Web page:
THE SHOW – Rauschenberg at the MOMA
In 1959, Robert Rauschenberg wrote, “Painting relates to both art and life. Neither can be made. (I try to act in that gap between the two.)” With art recently featured in the Museum of Modern Arts, this prolific artist had a profound impact on America’s artistic transition from Abstract Impressionism into more modern movements.
Experiencing Rauschenberg’s exhibition “Rauschenberg and the Art of Collaboration”, one can feel the collaborative spirit he embraced, uniting not only the works of other modern artists like Cy Twombly and Jasper Johns, but the fused properties of paint, sculpture, dance, sound, and even mud. One can truly feel his statement of the connection of art and life in the use of items which prove to serve both purposes. His work is perfectly suited for MOMA, a place of extraordinary creativity and unique blends of both artistic mediums and common articles of everyday life. Each display stretches the use of both imagination and artwork as a statement, and we can discover our own story within each piece presented. His encouragement of other artists shows his true dedication to art, as he urged others to revise, improve on, and add to his works.
His own sense of himself and how art was viewed by the artist rather than the observer was exemplified early in his career when he entered a contest to submit a portrait of the gallery. His submission consisted of a telegram sent to the gallery, itself declaring, “This is a portrait of Iris Clert if I say so.”
As an artist pushing the bounds of his existing surroundings, Rauschenberg coined his own art style of a combination of paint and canvas as well as found objects, to consist of “combines”, though history has come to view him as Neo-Dada in scope. His dimensional series of works through the 1950s and 60s featured a multitude of works with traditional oil on canvas but also dimensional aspects to complete the various compositions. This early penchant for borrowing various aspects of a myriad of sources helped to make Rauschenberg’s early works some of his most influential, helping to establish the trend of borrowing from one media to another in combination to create new means of artistic expression. This branching out beyond the traditional materials for use in a given field has over time encompassed many or most avenues for art, including even such as feminist artists and land artists to expand the materials used in their creations.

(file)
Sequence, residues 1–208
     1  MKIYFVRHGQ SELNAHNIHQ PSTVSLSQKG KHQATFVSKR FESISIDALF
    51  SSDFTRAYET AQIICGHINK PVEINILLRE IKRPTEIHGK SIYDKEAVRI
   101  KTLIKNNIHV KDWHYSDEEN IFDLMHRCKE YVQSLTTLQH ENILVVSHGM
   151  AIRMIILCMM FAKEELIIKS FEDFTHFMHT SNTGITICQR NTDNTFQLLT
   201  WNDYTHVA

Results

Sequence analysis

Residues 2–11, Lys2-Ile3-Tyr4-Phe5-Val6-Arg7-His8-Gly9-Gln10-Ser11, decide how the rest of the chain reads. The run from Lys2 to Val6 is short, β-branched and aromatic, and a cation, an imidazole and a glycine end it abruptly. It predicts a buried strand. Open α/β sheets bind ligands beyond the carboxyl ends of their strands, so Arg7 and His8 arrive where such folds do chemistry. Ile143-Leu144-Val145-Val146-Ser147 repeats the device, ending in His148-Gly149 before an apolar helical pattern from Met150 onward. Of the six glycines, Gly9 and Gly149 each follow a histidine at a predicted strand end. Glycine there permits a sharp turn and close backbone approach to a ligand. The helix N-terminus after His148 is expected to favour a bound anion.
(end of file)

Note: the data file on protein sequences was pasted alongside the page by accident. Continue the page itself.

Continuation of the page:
Instead of attempting to fill his–sometimes abstract–paintings with hints for the viewer to discern while admiring his artwork, Rauschenberg felt it was best to let each viewer determine his or her own interpretation of the piece. He felt there was a relationship between the art created by the artist and the art as it was embraced by the viewer and popular media, bestowing a unique artistic vision upon each piece individually.
While he served as a divisive point in art appreciation in the art world of the 1950s with his pieces such as White Paintings, a series of blank white canvases he allowed others to scrawl upon, he was deeply admired by his predecessors in the art community. By the 1960s, Rauschenberg’s works included not only found objects, but found images as well, and incorporated images using the process of silkscreen to address the issue of reproducibility of his works. Incorporation into his pieces of various published prints, as well as the regular addition of found objects into his artworks, found great following in the pop artists who would follow in some of his artistic footsteps. Andy Warhol and Roy Lichtenstein, for example, traced inspiration to his collages and incorporation’s into silkscreen paintings and other artistic experiments.
Becoming more politically involved in his later years, Rauschenberg testified before congress in support of the Endowment of the Arts in the 1990s, and his consistent vocal support for continuation of art programs nationwide through his lifetime helped to cement the attention given to artistic programs lasting past the end of his own life. He was awarded the National Medal of Arts in 1993, and the Leonardo Da Vinci World Award of Arts in 1995 after more than four decades of prolific creation of art. One cannot help but walk away feeling inspired by his amalgamation of textures, colors, and even blank space.